Molly was speaking earnestly. Brother Wulfstan looked appalled. Presently they returned to the road. Brother Wulfstan signaled to the trio by the great stones, and each swung up his staff to his shoulder with a smooth practiced motion. They trotted forth from the gateway, spreading to this side and that to encircle the tiny caravan, sheepdogs taking station around a flock.
Molly clambered up to her seat and kicked loose the brake. Brother Wulfstan loped up to the head of the caravan; as he passed Hob, he gave him an encouraging double slap on the shoulder blades, as though to say, Let's go, let's go. It was like being struck lightly with a blackthorn root. Hob surged forward, dragging the lead rope. In a moment he had passed between the tall sentinel stones, and they were away on the climbing approach to the monastery.
He looked around as he stumbled upward: the harsh vigilant shapes at avant-garde, flank, and rearguard, Jack Brown's shambling strength, Molly turning her keen watchful face to either side of the trail, abruptly relieved him of a burden or constriction. His thin chest expanded, he drew a deep sweet breath, and his steps pattered almost blithely on the frost-hardened soil of the upward way.
From this point on, the road was flanked by a parapet of fitted stones, waist-high, on the downslope side. After a short time walking uphill, Hob's legs beginning to ache again, the caravan was passed by a squad of monks jogging down to the gate, the men leaning back against the decline. Hob realized that they must have these small groups going back and forth constantly, to monitor the roads between, and to relieve those who had left the portals at either end to escort parties of travelers.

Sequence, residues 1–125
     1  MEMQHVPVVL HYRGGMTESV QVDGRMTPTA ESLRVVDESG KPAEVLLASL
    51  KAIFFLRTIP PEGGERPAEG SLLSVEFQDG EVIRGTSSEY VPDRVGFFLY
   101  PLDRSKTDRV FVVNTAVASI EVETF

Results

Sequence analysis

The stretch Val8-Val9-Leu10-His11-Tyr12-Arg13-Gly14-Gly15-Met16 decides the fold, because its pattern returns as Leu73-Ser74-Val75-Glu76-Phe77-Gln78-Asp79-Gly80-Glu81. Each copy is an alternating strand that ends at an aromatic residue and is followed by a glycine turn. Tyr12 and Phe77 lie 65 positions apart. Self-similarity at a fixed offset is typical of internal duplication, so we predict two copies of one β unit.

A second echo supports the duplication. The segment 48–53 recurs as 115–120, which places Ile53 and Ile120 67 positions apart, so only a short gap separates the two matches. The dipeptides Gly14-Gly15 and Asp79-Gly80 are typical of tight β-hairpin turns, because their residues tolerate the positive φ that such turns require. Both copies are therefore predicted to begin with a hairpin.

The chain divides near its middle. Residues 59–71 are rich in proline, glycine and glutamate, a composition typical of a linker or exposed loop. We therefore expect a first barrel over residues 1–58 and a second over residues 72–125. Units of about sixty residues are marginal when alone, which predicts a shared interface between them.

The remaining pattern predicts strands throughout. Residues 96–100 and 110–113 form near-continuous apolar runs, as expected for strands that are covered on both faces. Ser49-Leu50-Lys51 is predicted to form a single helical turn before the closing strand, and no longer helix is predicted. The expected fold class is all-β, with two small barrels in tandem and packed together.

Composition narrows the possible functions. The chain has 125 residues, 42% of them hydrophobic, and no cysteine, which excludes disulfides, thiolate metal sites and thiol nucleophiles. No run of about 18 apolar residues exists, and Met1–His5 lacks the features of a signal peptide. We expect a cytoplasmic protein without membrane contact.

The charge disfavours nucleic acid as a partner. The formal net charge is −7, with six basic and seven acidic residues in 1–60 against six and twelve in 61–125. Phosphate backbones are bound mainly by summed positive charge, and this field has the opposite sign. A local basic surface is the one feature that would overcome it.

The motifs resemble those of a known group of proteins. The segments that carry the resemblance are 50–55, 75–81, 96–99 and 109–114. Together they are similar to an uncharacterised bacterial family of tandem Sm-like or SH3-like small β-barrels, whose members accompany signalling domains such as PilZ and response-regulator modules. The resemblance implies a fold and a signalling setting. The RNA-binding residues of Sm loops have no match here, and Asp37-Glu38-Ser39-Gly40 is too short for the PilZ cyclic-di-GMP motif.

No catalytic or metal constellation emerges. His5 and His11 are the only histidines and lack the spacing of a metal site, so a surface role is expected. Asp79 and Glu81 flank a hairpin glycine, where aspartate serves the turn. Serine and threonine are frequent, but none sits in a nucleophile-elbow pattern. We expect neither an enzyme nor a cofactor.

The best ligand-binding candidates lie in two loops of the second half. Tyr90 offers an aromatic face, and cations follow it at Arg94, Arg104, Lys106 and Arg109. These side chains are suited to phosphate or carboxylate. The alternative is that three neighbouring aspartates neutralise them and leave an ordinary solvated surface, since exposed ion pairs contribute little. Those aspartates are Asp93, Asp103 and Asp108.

At their left hand the flank of the mountain climbed sheer to Heaven. Presently the wall of rock receded somewhat from the trail, and soon afterward, they came to a cleft in the stone. The road ran on past this point, but a spur curved into the notch, and it was here that Brother Wulfstan turned in. They had come to sanctuary, near the end of the day, in the Monastery of St. Germaine de la Roche.
Excerpted from Something Red by Douglas Nicholas. Copyright © 2012 by Douglas Nicholas. Excerpted by permission of Atria Books. All rights reserved. No part of this excerpt may be reproduced or reprinted without permission in writing from the publisher.
Blood at the Root
"A gripping, timely, and important examination of American racism."
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